sfUJSPlugin - 0.6.0

Unobstrusive JavaScript helpers

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Unobtrusive JavaScript Plug-In

The sfUJSPlugin offers helpers that facilitate the creation of interactive effects with JavaScript in an unobtrusive way.

If you want to learn more about the unobtrusive approach to JavaScript, and how you can use JavaScript to enhance usability without sacrificing accessibility, read this article.

Warning: This plugin is in Alpha state. Syntax is subject to change.

Introduction

Doing unobtrusive JavaScript can be a pain for several reasons:

  • You need to traverse the DOM after it's been built to modify an element's style/behaviour. If the element that you want to modify doesn't have an id, you have to refer to it using complicated CSS selectors/XPath queries, hard to read and to maintain when the template changes.
  • The behaviours and the structure appear separated from each other in the code, and that makes debugging difficult. Templates and JavaScript files are far from each other in the symfony directory structure. In particular, a template with a lot of unobtrusive visual effects becomes unmaintainable because of the constant switch between the XHTML and the JS file.
  • The 'rails-like' syntax of Ajax helpers is quite adapted to Rapid Application Development, because the code is concise and readable. UJS is most of the time longer to write, since you need to declare a JavaScript block in the template, and you must first find the DOM element you want to modify.

All these lead to an alternative way to code UJS, using PHP helpers in the template. The sfUJSPlugin can be used to add interactive effects and Ajax calls to your pages, and is an alternative to the [symfony Javascript helpers]. This implementation uses [http://jquery.com/ JQuery] as the underlying JavaScript framework, but the same could be achieved with http://www.prototypejs.org/ Prototype.

The UJS implementation of this plugin uses the sfPJSPlugin, which provides a way to call dynamically generated JavaScript files. The benefit of UJS over PJS alone is that you can write JavaScript through helpers directly in the main template and avoid switching back and forth to a behaviour template.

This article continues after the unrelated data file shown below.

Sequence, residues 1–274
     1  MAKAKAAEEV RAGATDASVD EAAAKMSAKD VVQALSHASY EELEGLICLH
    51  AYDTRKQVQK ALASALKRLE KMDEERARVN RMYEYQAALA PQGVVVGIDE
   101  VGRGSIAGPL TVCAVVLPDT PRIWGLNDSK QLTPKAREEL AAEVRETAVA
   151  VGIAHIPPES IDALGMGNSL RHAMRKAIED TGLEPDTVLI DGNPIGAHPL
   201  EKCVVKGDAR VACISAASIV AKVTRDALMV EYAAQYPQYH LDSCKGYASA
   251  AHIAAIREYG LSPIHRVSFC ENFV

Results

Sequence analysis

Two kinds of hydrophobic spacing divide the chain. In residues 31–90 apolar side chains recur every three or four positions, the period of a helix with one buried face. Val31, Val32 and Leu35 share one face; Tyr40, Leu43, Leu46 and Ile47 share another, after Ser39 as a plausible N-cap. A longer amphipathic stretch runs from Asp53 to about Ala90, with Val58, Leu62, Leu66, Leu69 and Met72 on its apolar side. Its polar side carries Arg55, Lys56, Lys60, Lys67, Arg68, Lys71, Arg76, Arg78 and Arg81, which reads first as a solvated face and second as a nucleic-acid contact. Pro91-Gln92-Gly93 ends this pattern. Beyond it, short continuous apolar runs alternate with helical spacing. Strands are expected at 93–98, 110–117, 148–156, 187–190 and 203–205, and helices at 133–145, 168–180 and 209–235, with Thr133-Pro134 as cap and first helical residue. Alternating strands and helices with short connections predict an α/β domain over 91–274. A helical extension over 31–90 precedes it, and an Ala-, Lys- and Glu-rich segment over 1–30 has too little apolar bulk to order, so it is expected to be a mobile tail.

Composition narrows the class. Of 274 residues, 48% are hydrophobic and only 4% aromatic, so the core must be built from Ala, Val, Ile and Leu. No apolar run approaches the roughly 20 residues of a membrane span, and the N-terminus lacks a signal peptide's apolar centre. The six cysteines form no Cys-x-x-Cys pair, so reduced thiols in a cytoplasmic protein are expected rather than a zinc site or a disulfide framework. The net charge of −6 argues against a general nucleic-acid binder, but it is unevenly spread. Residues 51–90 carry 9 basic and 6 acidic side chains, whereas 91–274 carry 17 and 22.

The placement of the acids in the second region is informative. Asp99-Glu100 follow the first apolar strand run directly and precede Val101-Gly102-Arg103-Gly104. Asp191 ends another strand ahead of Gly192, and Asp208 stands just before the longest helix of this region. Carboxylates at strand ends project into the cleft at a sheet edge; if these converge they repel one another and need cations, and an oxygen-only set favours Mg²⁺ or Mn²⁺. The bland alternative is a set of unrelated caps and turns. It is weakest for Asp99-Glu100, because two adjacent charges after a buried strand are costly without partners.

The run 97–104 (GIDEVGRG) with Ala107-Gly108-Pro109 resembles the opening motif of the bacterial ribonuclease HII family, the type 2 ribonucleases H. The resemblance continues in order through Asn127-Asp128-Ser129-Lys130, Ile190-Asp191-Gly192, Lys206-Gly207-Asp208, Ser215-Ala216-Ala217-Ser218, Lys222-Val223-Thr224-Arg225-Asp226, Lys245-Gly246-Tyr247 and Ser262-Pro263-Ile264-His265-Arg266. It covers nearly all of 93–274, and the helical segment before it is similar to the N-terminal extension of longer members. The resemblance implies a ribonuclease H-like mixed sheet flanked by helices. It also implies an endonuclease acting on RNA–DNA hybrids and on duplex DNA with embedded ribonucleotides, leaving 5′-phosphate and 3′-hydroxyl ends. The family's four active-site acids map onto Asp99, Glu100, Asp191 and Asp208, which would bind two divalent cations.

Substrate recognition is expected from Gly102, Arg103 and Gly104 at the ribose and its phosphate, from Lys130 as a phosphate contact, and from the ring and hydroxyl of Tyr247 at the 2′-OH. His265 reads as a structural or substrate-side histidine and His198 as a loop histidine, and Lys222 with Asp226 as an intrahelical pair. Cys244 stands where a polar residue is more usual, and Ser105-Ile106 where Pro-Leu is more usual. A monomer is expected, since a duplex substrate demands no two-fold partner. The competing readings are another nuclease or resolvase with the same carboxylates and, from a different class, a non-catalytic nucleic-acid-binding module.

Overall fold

Installation

  • Install the plugin

    $ symfony plugin-install http://plugins.symfony-project.com/sfUJSPlugin

  • Alternatively, if you don't have PEAR installed, you can download the latest package attached to this plugin's wiki page and extract it under your project's plugins/ directory

  • If it is not installed yet, install the sfPJSPlugin, which is necessary to run this plugin.

  • Enable the sfUJS module in the settings.yml:

    all: .settings: enabled_modules: sfUJS

  • Activate the sfUJSFilter in the apps/myapp/filters.yml:

    rendering: web_debug: security:

    generally, you will want to insert your own filters here

    cache: common:

    UJS: class: sfUJSFilter

    flash: execution: ~

  • Optional: You can choose to use the UJS alternative to the Tag helper so that every mention of an event handler (such as onclick) in a symfony helper gets rendered in an unobtrusive way. This is done by copying the sfUJSPlugin/lib/helper/UJSTagHelper.php file into myapp/lib/helper/TagHelper.php and clearing the cache (see below)

  • Clear the cache to enable the autoloading to find the new classes

    $ symfony cc

Basic syntax

Declaring the helper in templates

The UJS plugin provides a set of helpers to be used within templates. As for other helpers, you must declare the related helper group to make the helper functions available in the template.


Adding JavaScript code unobtrusively

The following template code:

I'm here !
<?php UJS("$('#foobar').css('display', 'none')") ?>

Renders as follows:

<head>
  
</head>
<body>
I'm here !
</body>

The filter contained in the plugin automatically declares the use of a special JavaScript file, which is generated dynamically by the UJS/script action. This action packages all the code included by calls to the UJS() helper. In the previous example, the included JavaScript is:

$().ready(function(){
    $('#foobar').css('display', 'none');
 })

The resulting DOM after execution is:

Alternatively, you can write the Javascript code between two helper calls, to avoid complicated quotes escaping problems.


$('#foobar').css('display', 'none');

// same as

Static vs dynamic UJS inclusion

By default, all code declared with UJS helpers ends up in an attached file. That's the way the plugin achieves complete unobtrusiveness: there is absolutely no JavaScript code in the XHTML response, and the behaviour layer is clearly separated from the content layer. This also allows for caching of the behaviour code by the browsers, just like CSS files are cached to avoid reloading style declarations. As compared to embedded code, UJS code saves server bandwith and accelerates the display on the client side.

This works fine as long as the UJS code is static. But on some special cases, the UJS code depends on the user session or on the database, and in this case separating the UJS code from the reponse creates issues due to caching. That's why the helper provides a way to directly embed UJS code in the XHTML instead of getting it via the UJS/script action.

There are three ways to enable this 'non-static' behaviour:

  • Set the static response parameter to false in the symfony/view/UJS namespace. This is mostly useful for when you want to define this behaviour in an actions file:

    sfContext::getInstance()->getResponse()->setParameter('static', false, 'symfony/view/UJS');

  • Call the UJS_set_inclusion(false) helper at the end of a template to declare that the UJS code of the template is not static:

  • Alternately, you can define that the default inclusion method for all templates is to embed instead of attach via the app.yml file: